Synonyms for elves
Antonyms for elves
EXAMPLES FROM THE WEB FOR ELVES
The elves, and nixies and sprites, of all colors and many forms were on hand.
At his birth the elves and the fairies were summoned together.
He invoked the spirit of his mother; he brought together an assembly of elves and goblins.
Wild Robin was safe, and the elves had lost their power over him forever.
"Elves" they were called, and they were thought of as a cleanly and kindly race.
In Scotland there were at least two species of elves, the Brownies and the Fairies.
In English the words Fairies and elves are used without any distinction.
The holiday-time of elves, witches, and ghosts is Hallowe'en.
Even the elves were touched with compassion and tried to comfort him.
Gnarled cedars, hanging precariously, might hide pixies and elves.
"one of a race of powerful supernatural beings in Germanic folklore," Old English elf (Mercian, Kentish), ælf (Northumbrian), ylfe (plural, West Saxon), from Proto-Germanic *albiz (cf. Old Saxon alf, Old Norse alfr, German alp "evil spirit, goblin, incubus"), origin unknown, possibly from PIE *albho- "white." Used figuratively for "mischievous person" from 1550s.
In addition to elf/ælf (masc.), Old English had parallel form *elfen (fem.), the plural of which was *elfenna, -elfen, from Proto-Germanic *albinjo-. Both words survived into Middle English and were active there, the former as elf (with the vowel of the plural), plural elves, the latter as elven, West Midlands dialect alven (plural elvene).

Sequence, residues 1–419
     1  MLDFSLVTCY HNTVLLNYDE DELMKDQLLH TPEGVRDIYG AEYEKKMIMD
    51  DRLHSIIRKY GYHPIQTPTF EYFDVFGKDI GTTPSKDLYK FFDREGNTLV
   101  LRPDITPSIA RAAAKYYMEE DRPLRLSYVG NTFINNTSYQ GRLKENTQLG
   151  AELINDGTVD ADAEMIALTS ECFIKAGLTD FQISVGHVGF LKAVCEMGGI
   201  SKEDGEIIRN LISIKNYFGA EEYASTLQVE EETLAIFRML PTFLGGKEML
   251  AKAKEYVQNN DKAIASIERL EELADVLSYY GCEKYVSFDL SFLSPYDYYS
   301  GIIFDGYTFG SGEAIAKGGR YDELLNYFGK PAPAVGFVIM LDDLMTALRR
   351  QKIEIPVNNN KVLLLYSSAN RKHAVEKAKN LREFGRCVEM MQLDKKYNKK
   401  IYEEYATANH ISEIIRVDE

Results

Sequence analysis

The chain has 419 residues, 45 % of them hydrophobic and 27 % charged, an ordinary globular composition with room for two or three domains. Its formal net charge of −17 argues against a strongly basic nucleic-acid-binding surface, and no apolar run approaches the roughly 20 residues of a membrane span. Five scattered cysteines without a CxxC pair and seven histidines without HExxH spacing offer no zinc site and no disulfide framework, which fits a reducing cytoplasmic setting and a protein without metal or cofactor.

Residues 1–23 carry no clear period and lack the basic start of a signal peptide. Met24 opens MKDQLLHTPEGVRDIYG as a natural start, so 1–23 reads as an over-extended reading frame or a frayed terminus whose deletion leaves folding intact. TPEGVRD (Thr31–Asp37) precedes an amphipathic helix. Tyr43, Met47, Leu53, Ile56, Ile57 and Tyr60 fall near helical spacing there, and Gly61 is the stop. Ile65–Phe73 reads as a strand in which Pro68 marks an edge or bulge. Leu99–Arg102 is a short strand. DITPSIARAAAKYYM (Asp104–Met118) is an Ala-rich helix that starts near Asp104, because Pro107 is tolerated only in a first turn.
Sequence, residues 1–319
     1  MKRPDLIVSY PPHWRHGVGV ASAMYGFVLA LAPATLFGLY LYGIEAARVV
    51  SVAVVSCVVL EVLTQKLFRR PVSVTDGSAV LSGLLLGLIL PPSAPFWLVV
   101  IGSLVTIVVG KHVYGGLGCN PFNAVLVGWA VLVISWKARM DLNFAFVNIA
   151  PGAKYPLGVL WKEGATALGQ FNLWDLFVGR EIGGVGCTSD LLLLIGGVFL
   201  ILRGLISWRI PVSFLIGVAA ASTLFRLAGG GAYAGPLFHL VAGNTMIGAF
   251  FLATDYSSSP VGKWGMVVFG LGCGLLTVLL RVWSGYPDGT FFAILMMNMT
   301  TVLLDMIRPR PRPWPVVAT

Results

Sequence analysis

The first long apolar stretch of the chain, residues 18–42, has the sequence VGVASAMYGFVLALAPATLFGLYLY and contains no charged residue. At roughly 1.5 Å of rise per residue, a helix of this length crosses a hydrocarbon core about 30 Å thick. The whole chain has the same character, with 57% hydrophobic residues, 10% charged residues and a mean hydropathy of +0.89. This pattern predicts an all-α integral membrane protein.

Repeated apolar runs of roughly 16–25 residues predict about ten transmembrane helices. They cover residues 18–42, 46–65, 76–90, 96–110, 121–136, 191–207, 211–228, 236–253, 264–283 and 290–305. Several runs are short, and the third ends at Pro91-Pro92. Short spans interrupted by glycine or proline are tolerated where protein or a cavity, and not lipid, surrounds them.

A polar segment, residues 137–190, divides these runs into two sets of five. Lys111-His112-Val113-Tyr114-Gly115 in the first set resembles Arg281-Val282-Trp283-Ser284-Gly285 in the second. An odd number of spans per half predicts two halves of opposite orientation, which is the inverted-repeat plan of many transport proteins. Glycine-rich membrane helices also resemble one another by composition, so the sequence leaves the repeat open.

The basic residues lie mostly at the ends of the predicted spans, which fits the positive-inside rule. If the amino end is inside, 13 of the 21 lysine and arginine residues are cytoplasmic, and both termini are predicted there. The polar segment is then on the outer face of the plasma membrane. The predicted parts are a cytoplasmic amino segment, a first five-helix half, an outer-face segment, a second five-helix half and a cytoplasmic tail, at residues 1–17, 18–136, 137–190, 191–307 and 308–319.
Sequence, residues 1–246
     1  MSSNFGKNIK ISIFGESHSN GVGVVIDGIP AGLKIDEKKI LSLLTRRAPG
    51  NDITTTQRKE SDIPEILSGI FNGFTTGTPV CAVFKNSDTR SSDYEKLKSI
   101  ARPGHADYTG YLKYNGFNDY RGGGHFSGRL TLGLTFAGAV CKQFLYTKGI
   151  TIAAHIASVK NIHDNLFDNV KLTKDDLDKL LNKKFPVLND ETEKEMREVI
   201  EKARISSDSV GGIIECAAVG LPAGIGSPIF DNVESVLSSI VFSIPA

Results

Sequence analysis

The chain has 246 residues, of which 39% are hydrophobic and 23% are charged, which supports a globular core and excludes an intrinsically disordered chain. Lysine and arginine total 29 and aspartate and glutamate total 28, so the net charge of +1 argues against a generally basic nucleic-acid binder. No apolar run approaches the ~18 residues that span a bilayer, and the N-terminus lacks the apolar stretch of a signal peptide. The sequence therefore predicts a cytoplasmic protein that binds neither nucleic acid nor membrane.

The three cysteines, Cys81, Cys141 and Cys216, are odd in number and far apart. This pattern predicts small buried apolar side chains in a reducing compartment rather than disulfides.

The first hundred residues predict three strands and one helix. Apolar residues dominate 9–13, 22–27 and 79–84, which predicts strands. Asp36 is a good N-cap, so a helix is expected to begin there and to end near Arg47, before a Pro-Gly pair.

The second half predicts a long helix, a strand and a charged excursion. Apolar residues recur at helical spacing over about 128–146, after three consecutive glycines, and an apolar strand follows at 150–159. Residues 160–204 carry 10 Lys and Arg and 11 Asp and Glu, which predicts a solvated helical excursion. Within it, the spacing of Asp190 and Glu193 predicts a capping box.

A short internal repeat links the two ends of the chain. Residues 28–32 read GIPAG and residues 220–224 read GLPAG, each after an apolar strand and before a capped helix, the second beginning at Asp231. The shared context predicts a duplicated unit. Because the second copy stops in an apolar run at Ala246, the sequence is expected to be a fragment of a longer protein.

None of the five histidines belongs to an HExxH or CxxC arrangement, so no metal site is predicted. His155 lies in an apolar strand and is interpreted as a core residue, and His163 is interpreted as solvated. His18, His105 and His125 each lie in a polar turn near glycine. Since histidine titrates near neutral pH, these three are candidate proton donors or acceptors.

The Germanic elf originally was dwarfish and malicious (cf. Old English ælfadl "nightmare," ælfsogoða "hiccup," thought to be caused by elves); in the Middle Ages they were confused to some degree with faeries; the more noble version begins with Spenser. Nonetheless a popular component in Anglo-Saxon names, many of which survive as modern given names and surnames, cf. Ælfræd "Elf-counsel" (Alfred), Ælfwine "Elf-friend" (Alvin), Ælfric "Elf-ruler" (Eldridge), also women's names such as Ælfflæd "Elf-beauty." Elf Lock hair tangled, especially by Queen Mab, "which it was not fortunate to disentangle" [according to Robert Nares' glossary of Shakespeare] is from 1592.